We wish we could be there on Tuesday when 10-year-old Elijah Nessel of Leawood walks into Judge Judy’s courtroom to watch the show.
wish we could be there when they go to lunch together later, on her dime.
Elijah owes his dad, Jeff Nessel, extra hugs for this treat.
He and Elijah have watched Judy Sheindlin’s show – daytime TV’s No. 1 show with more than 10 million daily viewers – for a couple of years now.
“He just fell in love with her voice, the New York accent, throwing people out of the courtroom, the whole nine yards of it,” says Jeff, a financial adviser.
Soon Elijah, who goes to Leawood Elementary, was talking like Judge Judy.
“The education in this country is going into the toilet,” he likes to say in a New Yawk accent.
He even quotes Judge Judy at school. Hearing someone say “Umm” to the teacher, Elijah has been known to note: “Umm is not an answer.”
So when Jeff saw that the show was having a Facebook contest for fans, he entered for Elijah. (“Sarah isn’t the only writer,” laughs Jeff, whose wife is a former Kansas City Star columnist.)
Jeff’s essay began: “When my son Elijah was born 10 years ago, I like any father, thought about bonding with him while watching the Super Bowl or playing 18 holes on a sunny afternoon.
“When he was diagnosed as being on the autism spectrum, those hopes, as petty as they now seem, were forever dashed.
“However, a new bonding vehicle was created, watching Judge Judy together. With the help of a DVR, we watch together as Judge Judy dispenses justice, with Elijah commenting, ‘I don't like plaintiff! Will Judge Judy send the defendant out?’ and rewinding to watch again when the Judge opines ...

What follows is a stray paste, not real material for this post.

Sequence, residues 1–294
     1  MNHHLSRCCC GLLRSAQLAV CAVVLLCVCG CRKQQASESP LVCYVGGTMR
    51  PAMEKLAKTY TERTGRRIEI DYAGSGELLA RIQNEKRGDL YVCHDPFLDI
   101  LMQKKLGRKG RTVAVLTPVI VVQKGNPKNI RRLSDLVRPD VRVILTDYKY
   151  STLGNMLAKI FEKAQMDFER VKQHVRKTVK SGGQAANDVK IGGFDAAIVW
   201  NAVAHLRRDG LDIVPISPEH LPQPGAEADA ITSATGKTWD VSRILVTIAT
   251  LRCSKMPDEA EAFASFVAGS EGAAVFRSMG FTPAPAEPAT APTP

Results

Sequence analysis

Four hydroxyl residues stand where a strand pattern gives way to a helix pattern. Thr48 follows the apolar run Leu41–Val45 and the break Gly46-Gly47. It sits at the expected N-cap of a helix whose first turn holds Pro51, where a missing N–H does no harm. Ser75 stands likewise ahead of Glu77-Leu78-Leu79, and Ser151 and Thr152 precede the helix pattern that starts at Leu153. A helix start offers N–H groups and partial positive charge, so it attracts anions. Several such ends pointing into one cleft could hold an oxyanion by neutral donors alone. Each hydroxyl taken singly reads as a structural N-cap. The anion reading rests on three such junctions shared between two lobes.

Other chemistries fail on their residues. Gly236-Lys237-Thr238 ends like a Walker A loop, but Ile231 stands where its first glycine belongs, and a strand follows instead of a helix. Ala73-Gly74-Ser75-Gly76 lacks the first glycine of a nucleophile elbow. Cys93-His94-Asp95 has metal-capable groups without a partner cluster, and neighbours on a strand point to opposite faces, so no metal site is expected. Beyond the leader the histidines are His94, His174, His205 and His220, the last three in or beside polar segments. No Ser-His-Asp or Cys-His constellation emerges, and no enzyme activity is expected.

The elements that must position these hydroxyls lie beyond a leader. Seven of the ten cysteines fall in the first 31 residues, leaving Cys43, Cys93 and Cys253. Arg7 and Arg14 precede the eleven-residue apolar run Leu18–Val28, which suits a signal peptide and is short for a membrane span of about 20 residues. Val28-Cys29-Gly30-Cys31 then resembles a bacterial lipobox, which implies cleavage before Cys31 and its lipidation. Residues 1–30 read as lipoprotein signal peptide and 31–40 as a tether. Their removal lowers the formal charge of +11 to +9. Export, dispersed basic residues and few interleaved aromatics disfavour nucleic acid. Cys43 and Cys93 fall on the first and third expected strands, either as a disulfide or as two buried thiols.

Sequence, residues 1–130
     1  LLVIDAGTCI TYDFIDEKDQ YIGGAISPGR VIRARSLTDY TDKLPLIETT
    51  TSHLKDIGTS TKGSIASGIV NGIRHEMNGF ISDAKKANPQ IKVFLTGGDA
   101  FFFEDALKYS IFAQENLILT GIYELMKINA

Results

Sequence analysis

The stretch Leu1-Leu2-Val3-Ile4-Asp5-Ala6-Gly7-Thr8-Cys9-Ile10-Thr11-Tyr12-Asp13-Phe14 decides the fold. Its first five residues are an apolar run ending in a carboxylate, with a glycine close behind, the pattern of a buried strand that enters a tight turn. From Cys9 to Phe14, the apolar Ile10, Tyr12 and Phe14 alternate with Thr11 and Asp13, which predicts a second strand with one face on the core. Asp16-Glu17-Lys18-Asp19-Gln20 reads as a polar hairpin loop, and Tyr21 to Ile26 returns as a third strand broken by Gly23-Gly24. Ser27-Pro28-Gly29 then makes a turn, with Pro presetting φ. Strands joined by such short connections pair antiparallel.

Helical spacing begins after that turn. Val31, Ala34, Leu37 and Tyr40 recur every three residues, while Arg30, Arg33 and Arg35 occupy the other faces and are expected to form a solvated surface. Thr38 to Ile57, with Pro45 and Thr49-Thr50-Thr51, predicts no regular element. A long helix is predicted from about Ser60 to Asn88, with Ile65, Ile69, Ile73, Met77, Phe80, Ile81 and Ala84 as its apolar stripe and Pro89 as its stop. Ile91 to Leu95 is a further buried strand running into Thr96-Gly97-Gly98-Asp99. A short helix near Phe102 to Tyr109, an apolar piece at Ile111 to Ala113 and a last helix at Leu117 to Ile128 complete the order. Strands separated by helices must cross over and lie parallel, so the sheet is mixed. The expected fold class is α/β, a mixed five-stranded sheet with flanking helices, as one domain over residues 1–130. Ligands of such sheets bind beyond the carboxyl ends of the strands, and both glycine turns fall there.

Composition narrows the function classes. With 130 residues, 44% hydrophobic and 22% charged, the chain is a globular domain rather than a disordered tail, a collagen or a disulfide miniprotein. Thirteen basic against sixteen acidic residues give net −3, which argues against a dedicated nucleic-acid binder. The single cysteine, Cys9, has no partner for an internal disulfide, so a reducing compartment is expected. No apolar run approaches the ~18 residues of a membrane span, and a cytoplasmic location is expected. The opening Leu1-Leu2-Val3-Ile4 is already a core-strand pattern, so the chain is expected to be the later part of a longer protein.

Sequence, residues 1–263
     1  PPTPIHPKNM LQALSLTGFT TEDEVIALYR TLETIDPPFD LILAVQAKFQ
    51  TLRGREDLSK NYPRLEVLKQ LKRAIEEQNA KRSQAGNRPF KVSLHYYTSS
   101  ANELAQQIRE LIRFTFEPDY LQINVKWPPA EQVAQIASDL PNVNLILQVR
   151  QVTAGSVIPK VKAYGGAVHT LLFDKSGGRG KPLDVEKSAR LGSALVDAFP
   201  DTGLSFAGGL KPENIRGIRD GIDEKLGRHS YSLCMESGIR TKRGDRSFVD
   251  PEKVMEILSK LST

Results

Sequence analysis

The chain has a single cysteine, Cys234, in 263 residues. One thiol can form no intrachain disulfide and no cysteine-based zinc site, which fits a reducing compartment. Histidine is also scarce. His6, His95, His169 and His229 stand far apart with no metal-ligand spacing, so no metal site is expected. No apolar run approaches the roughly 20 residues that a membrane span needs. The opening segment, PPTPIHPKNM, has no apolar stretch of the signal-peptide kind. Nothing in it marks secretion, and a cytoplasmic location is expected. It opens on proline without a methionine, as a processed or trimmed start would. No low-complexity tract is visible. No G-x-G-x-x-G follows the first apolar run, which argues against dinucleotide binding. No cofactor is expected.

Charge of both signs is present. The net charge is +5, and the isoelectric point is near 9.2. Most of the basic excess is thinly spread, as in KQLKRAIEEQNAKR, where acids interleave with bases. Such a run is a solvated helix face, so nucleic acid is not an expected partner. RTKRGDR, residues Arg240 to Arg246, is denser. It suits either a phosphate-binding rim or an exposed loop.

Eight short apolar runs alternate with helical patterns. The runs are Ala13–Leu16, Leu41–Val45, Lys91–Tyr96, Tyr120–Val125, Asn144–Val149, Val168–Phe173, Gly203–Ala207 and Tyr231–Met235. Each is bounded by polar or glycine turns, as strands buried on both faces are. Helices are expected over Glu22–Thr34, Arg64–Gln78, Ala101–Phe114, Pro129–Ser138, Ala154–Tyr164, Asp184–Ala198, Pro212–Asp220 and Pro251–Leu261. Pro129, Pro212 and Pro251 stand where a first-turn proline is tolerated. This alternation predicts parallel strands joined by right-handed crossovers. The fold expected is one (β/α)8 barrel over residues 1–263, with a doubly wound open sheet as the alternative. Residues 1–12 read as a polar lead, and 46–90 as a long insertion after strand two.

“I just love the fact that he can laugh and have so much happiness while watching the show. And I had to laugh when my wife brought home the wrong kind of milk and my son said, ‘Mom, you made a mistake! You got the wrong milk for me! I am plaintiff and you are defendant!’”
Jeff entered the contest and forgot about it until one day in March when he received a congratulatory email.
Thousands of people sent in videos and photos and essays, says show spokesman Gary Rosen. But Judge Judy was particularly struck by Jeff’s words. “It was quite a moving essay,” says Rosen.
Jeff didn’t tell Elijah that he’d won an all-expenses-paid trip to Los Angeles to see Judge Judy, and it’s a good thing. A show rep called back with bad news: Contest winners had to be at least 16.
Since Jeff had entered on Elijah’s behalf, they would have to forfeit.
Jeff accepted the news graciously, but asked if the show could send Elijah an autographed photo of Judge Judy to hang on his bedroom wall next to his “Monsters, Inc.” pictures.
The next day the rep called back. “The judge wants to meet Elijah,” he said.
Consulting with their lawyers, producers decided to declare Jeff the winner and allow him to take Sarah to the show taping as his personal guest.
And Elijah? He will be Judge Judy’s personal guest in the courtroom on Tuesday.
“It told me a lot about her and what kind of a person she is,” says Jeff. “I think that was really, really great.”
When Jeff finally told Elijah the good news, he just wanted to know one thing: “Is she going to pick us up at the airport?”